First off, I'm going to protect the guilty.
I'm reading a scholarly book by a couple of folks not in mass comm but who, as part of their study, include a massive content analysis of newspaper letters to the editor. It's an excellent book (so far), and there's nothing wrong with how they analyzed the letters. Again, I'm protecting the guilty, so I won't even name their academic discipline, but the underlying assumption in their work is people choose to publish letters to the editor, and there's no mention at all of the fact the editors decide what letters get published. Indeed, if you read the book, you get the sense the letters reflect people's opinions on a topic, as if by magic their letters automatically appear in the newspaper.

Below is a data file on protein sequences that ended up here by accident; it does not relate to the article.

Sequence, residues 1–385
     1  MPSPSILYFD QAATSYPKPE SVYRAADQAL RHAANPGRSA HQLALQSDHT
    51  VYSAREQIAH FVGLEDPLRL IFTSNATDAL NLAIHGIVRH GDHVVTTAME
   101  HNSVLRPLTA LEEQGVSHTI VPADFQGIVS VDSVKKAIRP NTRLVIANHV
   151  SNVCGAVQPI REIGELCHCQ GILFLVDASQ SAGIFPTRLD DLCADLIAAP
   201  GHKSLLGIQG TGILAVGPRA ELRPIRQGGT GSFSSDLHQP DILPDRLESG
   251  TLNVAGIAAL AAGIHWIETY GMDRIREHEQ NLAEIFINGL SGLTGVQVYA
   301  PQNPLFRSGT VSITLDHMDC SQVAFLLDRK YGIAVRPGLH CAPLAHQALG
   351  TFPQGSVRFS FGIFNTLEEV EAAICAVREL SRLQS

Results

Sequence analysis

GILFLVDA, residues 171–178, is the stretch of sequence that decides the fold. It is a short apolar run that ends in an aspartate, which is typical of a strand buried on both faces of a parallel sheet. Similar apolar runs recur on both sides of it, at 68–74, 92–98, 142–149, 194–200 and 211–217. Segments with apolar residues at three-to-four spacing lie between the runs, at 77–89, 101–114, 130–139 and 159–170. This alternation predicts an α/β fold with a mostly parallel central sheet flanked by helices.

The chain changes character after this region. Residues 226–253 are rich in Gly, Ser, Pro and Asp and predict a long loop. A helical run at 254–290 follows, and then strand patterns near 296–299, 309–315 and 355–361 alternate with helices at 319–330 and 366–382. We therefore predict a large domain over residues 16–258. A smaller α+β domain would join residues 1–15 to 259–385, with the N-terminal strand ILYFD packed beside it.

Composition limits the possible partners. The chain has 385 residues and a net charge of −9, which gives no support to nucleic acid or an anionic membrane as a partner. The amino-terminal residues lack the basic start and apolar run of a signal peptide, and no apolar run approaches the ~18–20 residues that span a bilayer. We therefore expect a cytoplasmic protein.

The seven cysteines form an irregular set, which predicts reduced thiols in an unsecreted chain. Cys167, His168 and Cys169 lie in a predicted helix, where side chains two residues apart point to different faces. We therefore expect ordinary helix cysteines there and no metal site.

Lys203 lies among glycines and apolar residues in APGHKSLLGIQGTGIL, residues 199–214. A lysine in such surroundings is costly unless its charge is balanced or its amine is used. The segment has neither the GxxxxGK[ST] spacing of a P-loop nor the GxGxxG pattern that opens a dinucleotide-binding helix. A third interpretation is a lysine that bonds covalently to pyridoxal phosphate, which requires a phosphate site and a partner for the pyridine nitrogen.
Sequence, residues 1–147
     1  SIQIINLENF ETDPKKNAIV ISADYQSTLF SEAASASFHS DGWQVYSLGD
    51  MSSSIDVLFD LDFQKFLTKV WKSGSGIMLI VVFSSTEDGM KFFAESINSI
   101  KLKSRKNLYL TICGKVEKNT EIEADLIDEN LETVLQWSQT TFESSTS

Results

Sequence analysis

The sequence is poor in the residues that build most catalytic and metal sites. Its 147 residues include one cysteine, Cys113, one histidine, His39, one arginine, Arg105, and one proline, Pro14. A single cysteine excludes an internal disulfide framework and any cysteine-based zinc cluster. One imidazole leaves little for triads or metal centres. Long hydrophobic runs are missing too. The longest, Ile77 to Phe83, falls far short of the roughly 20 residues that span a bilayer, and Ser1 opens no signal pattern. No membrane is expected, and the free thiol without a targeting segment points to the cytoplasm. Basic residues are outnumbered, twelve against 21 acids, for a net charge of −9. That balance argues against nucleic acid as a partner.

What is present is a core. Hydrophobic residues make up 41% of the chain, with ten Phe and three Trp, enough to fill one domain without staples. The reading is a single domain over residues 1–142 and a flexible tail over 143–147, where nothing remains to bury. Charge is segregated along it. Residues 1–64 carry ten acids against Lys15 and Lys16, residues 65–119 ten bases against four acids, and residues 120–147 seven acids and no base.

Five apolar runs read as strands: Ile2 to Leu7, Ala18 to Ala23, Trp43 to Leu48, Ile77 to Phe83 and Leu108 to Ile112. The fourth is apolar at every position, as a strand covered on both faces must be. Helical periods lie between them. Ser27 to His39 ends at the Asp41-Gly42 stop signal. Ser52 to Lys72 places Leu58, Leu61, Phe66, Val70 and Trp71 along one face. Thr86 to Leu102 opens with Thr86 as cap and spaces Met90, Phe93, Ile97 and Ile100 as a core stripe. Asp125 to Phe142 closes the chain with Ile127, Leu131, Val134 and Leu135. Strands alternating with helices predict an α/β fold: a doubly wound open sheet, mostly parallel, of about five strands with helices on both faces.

Given the nature of the study, this is kinda a big deal. As someone steeped in journalism, I am of course well aware of the somewhat screwy process involved in what letters get published, what letters get tossed, and what letters get pasted to the newsroom bulletin board for a good laugh.
Clearly, these two fine scholars -- and again, it's a damn good book -- are innocent of such newsroom experience. Someone should have caught this when the book was being proposed or vetted. Then again, it was probably someone in their discipline, with little news experience, who vetted it.